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Netflix has to choose between quality and quantity if it wants to stay on top
It wasn’t long ago that Netflix looked like the unstoppable king of streaming. It was too big to fail; an eternally growing subscription machine. A combination of licensed titles and Netflix originals made it an essential, one-stop service.
With slowing growth and the emergence of some worthy competitors over the last couple of years, that status was already under threat even before the recent news that the company lost over 200,000 paid subscribers in the first quarter of 2022. That’s the first dip in subscribers in over a decade. Rising prices and new measures to crack down on password sharing combined with a dwindling slate of licensed titles have made many subscribers reconsider their relationship with the streamer.
We can quibble over price points and anti-sharing strategies, but Netflix is ultimately in the business of content. That means it needs to deliver the goods. And this is where the streamer has a real opportunity. Netflix originals are all over the map. If Netflix wants to stand out amidst growing competition, it needs a clear and appealing identity.
The rise of Netflix and Netflix originals
After years as a successful mail-order DVD rental service, Netflix became the first major player to stream shows and movies in 2007. It was the go-to streamer in 2012, when its first original series, Lilyhammer, launched.
The streamer always knew that third-party content was a finite resource. That’s why Netflix started making original content in the first place. With fewer serialized shows being produced for traditional TV and the DVD market drying up, there was a looming content shortage. “I looked at that and realized we were faced with a supply source that wasn’t reliable,” Netflix’s chief content officer Ted Sarandos told The Hollywood Reporter in 2012.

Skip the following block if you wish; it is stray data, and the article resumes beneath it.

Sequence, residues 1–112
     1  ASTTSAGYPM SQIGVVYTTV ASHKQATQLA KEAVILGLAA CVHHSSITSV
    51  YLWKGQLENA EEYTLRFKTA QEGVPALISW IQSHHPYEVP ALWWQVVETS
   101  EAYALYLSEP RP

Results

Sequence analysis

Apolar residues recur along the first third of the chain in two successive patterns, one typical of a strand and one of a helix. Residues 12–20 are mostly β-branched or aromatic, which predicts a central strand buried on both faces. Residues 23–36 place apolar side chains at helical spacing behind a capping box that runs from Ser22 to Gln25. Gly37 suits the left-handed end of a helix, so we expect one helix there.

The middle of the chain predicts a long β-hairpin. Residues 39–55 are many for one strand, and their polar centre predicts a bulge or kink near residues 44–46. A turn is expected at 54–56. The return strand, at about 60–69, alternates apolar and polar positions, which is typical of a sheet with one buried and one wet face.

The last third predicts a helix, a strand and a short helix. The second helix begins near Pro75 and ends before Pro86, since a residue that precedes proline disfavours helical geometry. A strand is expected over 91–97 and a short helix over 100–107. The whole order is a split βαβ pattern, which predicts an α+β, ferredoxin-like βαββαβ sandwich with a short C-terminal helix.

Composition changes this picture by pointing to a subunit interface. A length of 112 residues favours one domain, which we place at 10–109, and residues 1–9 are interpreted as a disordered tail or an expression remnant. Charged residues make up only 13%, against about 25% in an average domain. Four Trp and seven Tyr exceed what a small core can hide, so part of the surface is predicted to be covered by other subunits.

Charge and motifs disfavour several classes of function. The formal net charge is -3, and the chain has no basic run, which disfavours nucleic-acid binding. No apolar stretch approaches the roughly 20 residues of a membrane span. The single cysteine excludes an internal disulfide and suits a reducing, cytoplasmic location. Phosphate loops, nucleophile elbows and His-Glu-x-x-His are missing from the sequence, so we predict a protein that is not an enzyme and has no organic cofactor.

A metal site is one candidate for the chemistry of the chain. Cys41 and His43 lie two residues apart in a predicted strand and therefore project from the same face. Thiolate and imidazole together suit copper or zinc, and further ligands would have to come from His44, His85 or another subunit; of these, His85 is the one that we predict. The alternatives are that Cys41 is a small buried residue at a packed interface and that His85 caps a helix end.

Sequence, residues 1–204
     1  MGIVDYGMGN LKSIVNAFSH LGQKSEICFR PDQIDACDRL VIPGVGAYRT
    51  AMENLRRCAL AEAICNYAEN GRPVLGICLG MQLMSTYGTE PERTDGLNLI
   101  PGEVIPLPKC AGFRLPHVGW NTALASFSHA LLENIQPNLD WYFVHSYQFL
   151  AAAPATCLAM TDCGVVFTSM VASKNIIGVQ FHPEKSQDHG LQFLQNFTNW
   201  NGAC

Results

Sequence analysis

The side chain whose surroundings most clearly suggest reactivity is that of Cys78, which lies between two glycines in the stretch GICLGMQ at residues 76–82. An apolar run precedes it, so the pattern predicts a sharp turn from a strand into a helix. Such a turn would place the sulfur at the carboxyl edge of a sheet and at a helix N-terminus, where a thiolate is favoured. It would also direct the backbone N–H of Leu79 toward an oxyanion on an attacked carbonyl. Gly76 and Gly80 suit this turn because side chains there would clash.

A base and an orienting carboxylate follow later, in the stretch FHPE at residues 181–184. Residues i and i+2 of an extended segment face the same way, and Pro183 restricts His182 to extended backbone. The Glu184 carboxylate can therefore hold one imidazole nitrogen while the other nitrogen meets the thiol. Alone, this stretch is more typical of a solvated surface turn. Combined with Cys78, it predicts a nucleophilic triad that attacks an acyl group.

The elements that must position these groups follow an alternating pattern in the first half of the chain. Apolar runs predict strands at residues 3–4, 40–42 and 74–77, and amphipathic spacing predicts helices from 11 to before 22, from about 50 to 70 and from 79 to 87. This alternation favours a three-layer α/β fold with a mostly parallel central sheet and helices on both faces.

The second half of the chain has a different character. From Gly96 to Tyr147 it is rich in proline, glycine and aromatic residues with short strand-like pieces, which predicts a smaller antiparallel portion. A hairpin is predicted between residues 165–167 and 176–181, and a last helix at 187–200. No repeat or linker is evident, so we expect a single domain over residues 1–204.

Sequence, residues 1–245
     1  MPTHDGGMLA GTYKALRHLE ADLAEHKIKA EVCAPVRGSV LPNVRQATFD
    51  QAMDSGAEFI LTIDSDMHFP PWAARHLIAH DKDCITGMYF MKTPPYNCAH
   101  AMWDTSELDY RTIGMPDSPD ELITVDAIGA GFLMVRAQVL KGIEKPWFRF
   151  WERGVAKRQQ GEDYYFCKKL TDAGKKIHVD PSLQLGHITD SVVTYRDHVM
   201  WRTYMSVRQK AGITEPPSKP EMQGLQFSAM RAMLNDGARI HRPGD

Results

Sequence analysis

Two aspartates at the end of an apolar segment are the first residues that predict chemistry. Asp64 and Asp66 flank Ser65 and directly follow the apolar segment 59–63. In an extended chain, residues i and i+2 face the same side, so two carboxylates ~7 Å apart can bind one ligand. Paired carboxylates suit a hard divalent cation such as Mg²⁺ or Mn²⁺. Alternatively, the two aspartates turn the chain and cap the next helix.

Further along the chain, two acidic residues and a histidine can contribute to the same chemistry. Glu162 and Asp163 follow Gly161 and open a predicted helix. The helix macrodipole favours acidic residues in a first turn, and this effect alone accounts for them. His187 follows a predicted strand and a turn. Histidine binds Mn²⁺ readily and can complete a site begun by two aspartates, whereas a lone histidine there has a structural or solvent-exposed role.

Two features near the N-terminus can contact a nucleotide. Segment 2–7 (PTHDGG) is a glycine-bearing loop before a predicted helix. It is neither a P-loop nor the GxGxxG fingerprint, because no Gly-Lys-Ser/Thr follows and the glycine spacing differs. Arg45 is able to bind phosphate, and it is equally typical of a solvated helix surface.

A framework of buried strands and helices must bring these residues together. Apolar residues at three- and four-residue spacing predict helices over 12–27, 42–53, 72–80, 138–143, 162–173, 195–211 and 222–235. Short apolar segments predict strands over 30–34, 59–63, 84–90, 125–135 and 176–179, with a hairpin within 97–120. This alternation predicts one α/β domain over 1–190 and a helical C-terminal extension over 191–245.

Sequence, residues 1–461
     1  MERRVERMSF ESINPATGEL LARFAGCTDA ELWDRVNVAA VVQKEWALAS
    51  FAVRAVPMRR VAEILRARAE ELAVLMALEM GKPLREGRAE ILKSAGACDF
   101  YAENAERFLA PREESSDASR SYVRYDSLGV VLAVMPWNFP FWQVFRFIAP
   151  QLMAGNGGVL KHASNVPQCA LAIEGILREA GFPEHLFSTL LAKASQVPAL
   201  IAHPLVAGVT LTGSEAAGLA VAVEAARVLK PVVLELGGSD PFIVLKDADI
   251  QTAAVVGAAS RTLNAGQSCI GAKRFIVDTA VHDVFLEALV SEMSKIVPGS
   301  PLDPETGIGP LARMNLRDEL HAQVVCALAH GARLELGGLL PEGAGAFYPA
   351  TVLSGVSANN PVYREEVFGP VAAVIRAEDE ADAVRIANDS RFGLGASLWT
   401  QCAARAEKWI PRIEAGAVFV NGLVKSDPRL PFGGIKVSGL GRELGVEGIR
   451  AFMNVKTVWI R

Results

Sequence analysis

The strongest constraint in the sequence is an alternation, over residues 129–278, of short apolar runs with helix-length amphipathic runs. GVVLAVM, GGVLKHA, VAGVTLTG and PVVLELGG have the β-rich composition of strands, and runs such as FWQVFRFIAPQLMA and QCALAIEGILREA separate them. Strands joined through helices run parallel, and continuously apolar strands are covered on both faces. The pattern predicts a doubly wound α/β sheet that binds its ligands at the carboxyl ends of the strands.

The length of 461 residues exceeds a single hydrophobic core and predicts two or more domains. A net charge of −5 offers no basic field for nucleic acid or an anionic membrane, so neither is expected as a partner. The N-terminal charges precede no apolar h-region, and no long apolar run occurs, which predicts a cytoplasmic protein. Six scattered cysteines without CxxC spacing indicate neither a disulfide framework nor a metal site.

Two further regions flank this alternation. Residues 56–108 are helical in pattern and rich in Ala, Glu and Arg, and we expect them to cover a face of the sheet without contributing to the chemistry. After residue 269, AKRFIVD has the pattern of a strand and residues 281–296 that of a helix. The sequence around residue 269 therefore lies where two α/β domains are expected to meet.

Netflix spent over $17 billion on original content last year alone.
From there, the company invested hard. Just last year, Netflix spent over $17 billion on original content globally. But unlike a lot of media companies, Netflix’s output doesn’t really point to a consistent brand, style, or audience.
While Netflix’s early slate of originals — like 2013’s House of Cards and Orange Is the New Black — traded on prestige, there’s no sense of a cohesive content strategy anymore. And the high-profile library titles like Friends and The Office have moved to newer streamers, leaving Netflix with a dwindling back-catalog of licensed titles to supplement its sprawling slate of uneven originals.
Is Netflix on the decline?
With Netflix’s loss of 200,000 subscribers, the obvious conclusion to draw is that the service is on the decline. The situation may in fact be more complicated than that.
First off, let’s not kid ourselves. With over 200 million subscribers globally, Netflix remains the biggest streaming service by a wide margin. Over two million more subscribers are projected to drop off in Q2, but we’re likely not talking about a company on the brink of collapse.
Having said that, the company is clearly feeling the pressure. Netflix was already beginning to roll out strategies to combat password sharing by charging users for piggybacking on accounts. This came after an already unpopular price hike in January. Both moves are likely causes of the recent setback.
Additionally, CEO Reed Hastings revealed during a quarterly earnings call that the company is planning to roll out cheaper ad-supported plans in a bid to keep subscribers. Hastings has famously been opposed to adding ads to Netflix for years, so that’s a significant development.
We’re certainly looking at a company that wants to correct course, even if it’s not exactly a sinking ship. Maybe the answer will lie in ad-supported options or rolling back price increases. The most common complaint, though, is that Netflix just doesn’t bring the goods on the content side. So, let’s look a bit closer at Netflix’s content strategy and consider what lies ahead.
Some great Netflix originals